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In Chicago, the city council is discussing a measure that would create a group to investigate ways the city could redress systemic racism.
Amid the calls for police reform and investment in black communities that have echoed throughout the country, the city council in one municipality is quietly resurrecting a different kind of proposal that activists have sought for decades.
The Chicago City Council is considering a resolution that would create the “Chicago Citizens of African Descent Reparations Commission,” a group tasked with investigating how the city could make amends for slavery, housing segregation, and other racist policies that inflicted harm on the city’s black residents.
The measure, authored by Alderman Roderick Sawyer, was originally proposed in September 2019, but didn’t get much traction at that time. Protests surrounding the death of George Floyd have once again brought the proposal to the forefront—but Sawyer says these new conversations are just the beginning. “We didn’t get here overnight,” he said at a committee hearing on the proposal. “I’m sure we’re not gonna get out of it overnight.”
The measure states that the commission should “ensure equity, equality, and parity for citizens of African descent in Chicago who are mired in poverty” by holding public meetings. The idea is to come up with appropriate forms of reparations, which it suggests could include “closing the racial gaps in homeownership, educational funding, healthcare, government contracts, etc.”
When the council’s Committee on Health and Human Relations considered the measure last week, they heard from Cecile Johnson, the CEO of the African Development Plan, an organization that researches issues impacting African descendants in the U.S. Johnson presented on the city’s history of segregation and said that Chicago needs “more than a conversation” about reparations. “As we see from some of these things that have happened in recent days, there is such a despair,” she said. “The youth are crying out.”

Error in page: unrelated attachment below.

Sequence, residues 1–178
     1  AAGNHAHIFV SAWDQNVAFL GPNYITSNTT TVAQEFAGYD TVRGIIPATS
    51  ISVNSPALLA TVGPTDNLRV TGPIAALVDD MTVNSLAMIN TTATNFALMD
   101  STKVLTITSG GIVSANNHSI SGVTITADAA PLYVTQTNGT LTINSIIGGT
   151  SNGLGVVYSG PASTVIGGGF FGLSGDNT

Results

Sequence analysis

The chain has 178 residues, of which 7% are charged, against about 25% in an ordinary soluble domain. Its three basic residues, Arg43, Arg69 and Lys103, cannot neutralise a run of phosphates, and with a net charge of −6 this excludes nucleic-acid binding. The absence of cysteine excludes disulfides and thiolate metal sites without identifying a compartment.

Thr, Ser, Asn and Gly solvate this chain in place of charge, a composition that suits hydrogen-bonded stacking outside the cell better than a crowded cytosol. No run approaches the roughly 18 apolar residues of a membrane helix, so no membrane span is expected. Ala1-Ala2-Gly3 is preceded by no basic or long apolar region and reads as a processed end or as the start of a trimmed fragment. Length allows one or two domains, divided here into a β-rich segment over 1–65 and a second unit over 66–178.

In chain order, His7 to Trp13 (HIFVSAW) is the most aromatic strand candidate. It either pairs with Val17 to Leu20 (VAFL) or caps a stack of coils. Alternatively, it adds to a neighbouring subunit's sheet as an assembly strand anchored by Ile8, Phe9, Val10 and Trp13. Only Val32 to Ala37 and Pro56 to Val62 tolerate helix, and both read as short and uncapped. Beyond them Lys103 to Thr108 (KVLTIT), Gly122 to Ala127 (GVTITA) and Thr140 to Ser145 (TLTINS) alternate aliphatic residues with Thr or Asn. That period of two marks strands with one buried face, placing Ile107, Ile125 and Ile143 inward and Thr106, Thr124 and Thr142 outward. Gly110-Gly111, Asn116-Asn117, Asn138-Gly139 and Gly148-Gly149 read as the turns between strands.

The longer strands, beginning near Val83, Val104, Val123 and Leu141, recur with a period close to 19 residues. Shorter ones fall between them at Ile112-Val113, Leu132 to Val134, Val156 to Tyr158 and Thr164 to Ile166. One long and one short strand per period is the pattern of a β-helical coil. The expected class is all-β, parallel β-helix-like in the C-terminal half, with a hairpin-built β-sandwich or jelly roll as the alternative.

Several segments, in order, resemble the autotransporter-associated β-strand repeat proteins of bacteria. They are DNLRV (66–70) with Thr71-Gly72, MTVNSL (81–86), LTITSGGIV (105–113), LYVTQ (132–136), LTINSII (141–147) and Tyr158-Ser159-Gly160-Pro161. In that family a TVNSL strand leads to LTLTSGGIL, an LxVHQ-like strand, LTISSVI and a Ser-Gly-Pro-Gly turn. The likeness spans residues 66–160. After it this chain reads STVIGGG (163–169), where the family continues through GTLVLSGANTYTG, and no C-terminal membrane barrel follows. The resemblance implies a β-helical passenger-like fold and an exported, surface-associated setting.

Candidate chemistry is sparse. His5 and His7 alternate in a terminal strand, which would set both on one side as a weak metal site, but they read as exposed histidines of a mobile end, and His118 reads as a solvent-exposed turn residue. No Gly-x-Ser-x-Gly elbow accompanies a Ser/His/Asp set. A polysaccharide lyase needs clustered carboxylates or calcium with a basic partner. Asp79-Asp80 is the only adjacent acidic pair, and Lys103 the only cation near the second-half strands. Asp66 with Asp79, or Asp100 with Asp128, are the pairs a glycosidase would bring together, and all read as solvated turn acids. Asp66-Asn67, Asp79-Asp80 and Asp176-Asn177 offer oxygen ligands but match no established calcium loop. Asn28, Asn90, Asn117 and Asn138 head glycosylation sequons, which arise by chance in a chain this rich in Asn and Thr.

Alderman Andre Vasquez said that the recent protests show the passion for change—but that many in the city may still need to be convinced about the need for reparations, particularly those who live in predominantly white enclaves. "We can all be here in this room saying how much we are in support and how it touches our emotions, but ultimately … I would love the opportunity [to work] in the parts of towns that have not been ravaged like the rest of the town has,” he said. “To really make this case now in the moment before two weeks from now, it's just George Floyd window signs and no one doing anything.”
The measure would create a 16-member commission that would remain in place for 20 years and include the mayor, five members of the city council, and 10 members from the public, including at least eight people who would have to be from an “eligible impacted community.”
Mayor Lori Lightfoot proposed an alternative last week that would encourage the city to discuss systemic racism, but would not establish a commission. “The economic, health and social disparities that plague African Americans are the result of decades of discrimination, segregation and systemic racism,” a spokesperson for Lightfoot said. “Mayor Lightfoot is committed to and supports examination of the state of equity in Chicago to begin to right the wrongs of the past in order to overcome the many obstacles to employment, education, housing, justice, due process, health care and more facing African Americans.”
But Sawyer expressed disappointment in the mayor’s proposal, which he said eliminated the most important part of the resolution—the commission. Sawyer’s measure is set to be considered by the full council on June 17.